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Anderson v. Metzger

United States District Court, D. Delaware

December 14, 2018

HARRY W. ANDERSON, Petitioner,
v.
DANA METZGER, Warden, and ATTORNEY GENERAL OF THE STATE OF DELAWARE, Respondents.[1]

          Harry W. Anderson. Pro se Petitioner.

          Gregory Smith, Deputy Attorney General of the Delaware Department of Justice, Wilmington, Delaware. Attorney for Respondents.

          MEMORANDUM OPINION [2]

          CONNOLLY, UNITED STATES DISTRICT JUDGE.

         Pending before the Court is Petitioner Harry W. Anderson's Petition for a Writ of Habeas Corpus Pursuant to 28 U.S.C. § 2254 and his Amended Petition (hereinafter referred to as "Petition"). (D.I. 3; D.I. 18) The State filed an Answer in opposition. (D.I. 23) For the reasons discussed, the Court will deny the Petition.

         I. FACTUAL BACKGROUND

         In September 2012, Petitioner was indicted on three counts of felony theft, three counts of third degree burglary, and three counts of criminal mischief. (D.I. 23 at 2) On January 24, 2013, Petitioner pled guilty to two counts of burglary, in exchange for which the State dismissed the balance of the indictment, agreed to move to sentence Petitioner as a habitual offender on only one count, and agreed to recommend no more than six years at Level V on that count. See Anderson v. State, 99 A.3d 226 (Table), 2014 WL 3511717, at *3 (Del. July 14, 2014). On September 20, 2013, the day of Petitioner's scheduled sentencing, Petitioner orally moved to withdraw his guilty plea. Id. at *1. The Superior Court denied the motion, and sentenced Petitioner as a habitual offender for the first count of burglary to 6 years at Level V incarceration. See Anderson v. State, 130 A.2d 340 (Table), 2015 WL 9283845, at *1 (Del. Dec. 18, 2015). On the second burglary count, the Superior Court sentenced Petitioner to three years at Level V incarceration, suspended for 18 months at Level III probation. Id. The Delaware Supreme Court affirmed Petitioner's convictions and sentences on July 14, 2014. See Anderson, 2014 WL 3511717, at *4.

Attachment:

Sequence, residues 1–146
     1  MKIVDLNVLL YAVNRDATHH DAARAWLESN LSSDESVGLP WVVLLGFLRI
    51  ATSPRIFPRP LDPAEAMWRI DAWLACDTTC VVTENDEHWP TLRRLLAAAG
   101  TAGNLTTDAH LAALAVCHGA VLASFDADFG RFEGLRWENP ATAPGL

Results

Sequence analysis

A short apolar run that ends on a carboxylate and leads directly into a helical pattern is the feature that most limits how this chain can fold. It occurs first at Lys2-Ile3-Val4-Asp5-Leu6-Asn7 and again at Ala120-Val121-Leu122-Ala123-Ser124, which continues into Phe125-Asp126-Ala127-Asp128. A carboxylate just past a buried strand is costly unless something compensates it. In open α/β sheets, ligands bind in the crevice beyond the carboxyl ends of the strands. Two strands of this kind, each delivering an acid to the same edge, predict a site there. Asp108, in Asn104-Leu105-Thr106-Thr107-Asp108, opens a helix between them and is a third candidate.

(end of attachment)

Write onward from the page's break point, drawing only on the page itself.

Thereafter, Petitioner filed a motion for sentence reduction in December 2013 and a motion to correct an illegal sentence in August 2014. (D.I. 23 at 2) The Superior Court denied both motions on September 8, 2014, and Petitioner did not appeal that decision. See Anderson v. State, 2015 WL 1396360, at *1 (Del. Mar. 24, 2015). Petitioner filed a second motion to correct an illegal sentence on August 19, 2014, which the Superior Court denied on September 8, 2014. (D.I. 23 at 2-3) On September 22, 2014, Petitioner filed a document titled "motion for extraordinary circumstances," seeking correction of his sentence under Rule 35. See Anderson, 2015 WL 1396360, at *1. The Superior Court denied the motion on December 23, 2014, and the Delaware Supreme Court affirmed that decision in March 2015. Id. at *2. Petitioner filed a motion for post-conviction relief pursuant to Delaware Superior Court Criminal Rule 61 ("Rule 61 motion") on October 10, 2014, which the Superior Court on January 6, 2015. See State v. Anderson, 2015 WL 121879, at *1, 4 (Del. Super. Ct. Jan. 6, 2015). Petitioner did not appeal that decision. Instead, on June 18, 2015, Petitioner filed in the Superior Court a "motion for relief from judgment," seeking relief from the Superior Court's January 6, 2015 denial of his Rule 61 motion, which the Superior Court denied on June 24, 2015. See State v. Anderson, 2015 WL 3882750, at *2 (Del. Super. Ct. June 24, 2015). Finally, on July 17, 2015, Petitioner filed a motion for correction of illegal sentence. (D.I. 23 at 3) The Superior Court denied the motion on August 4, 2015, and the Delaware Supreme Court affirmed that decision on December 18, 2015. See Anderson, 2015 WL 9283845, at *2.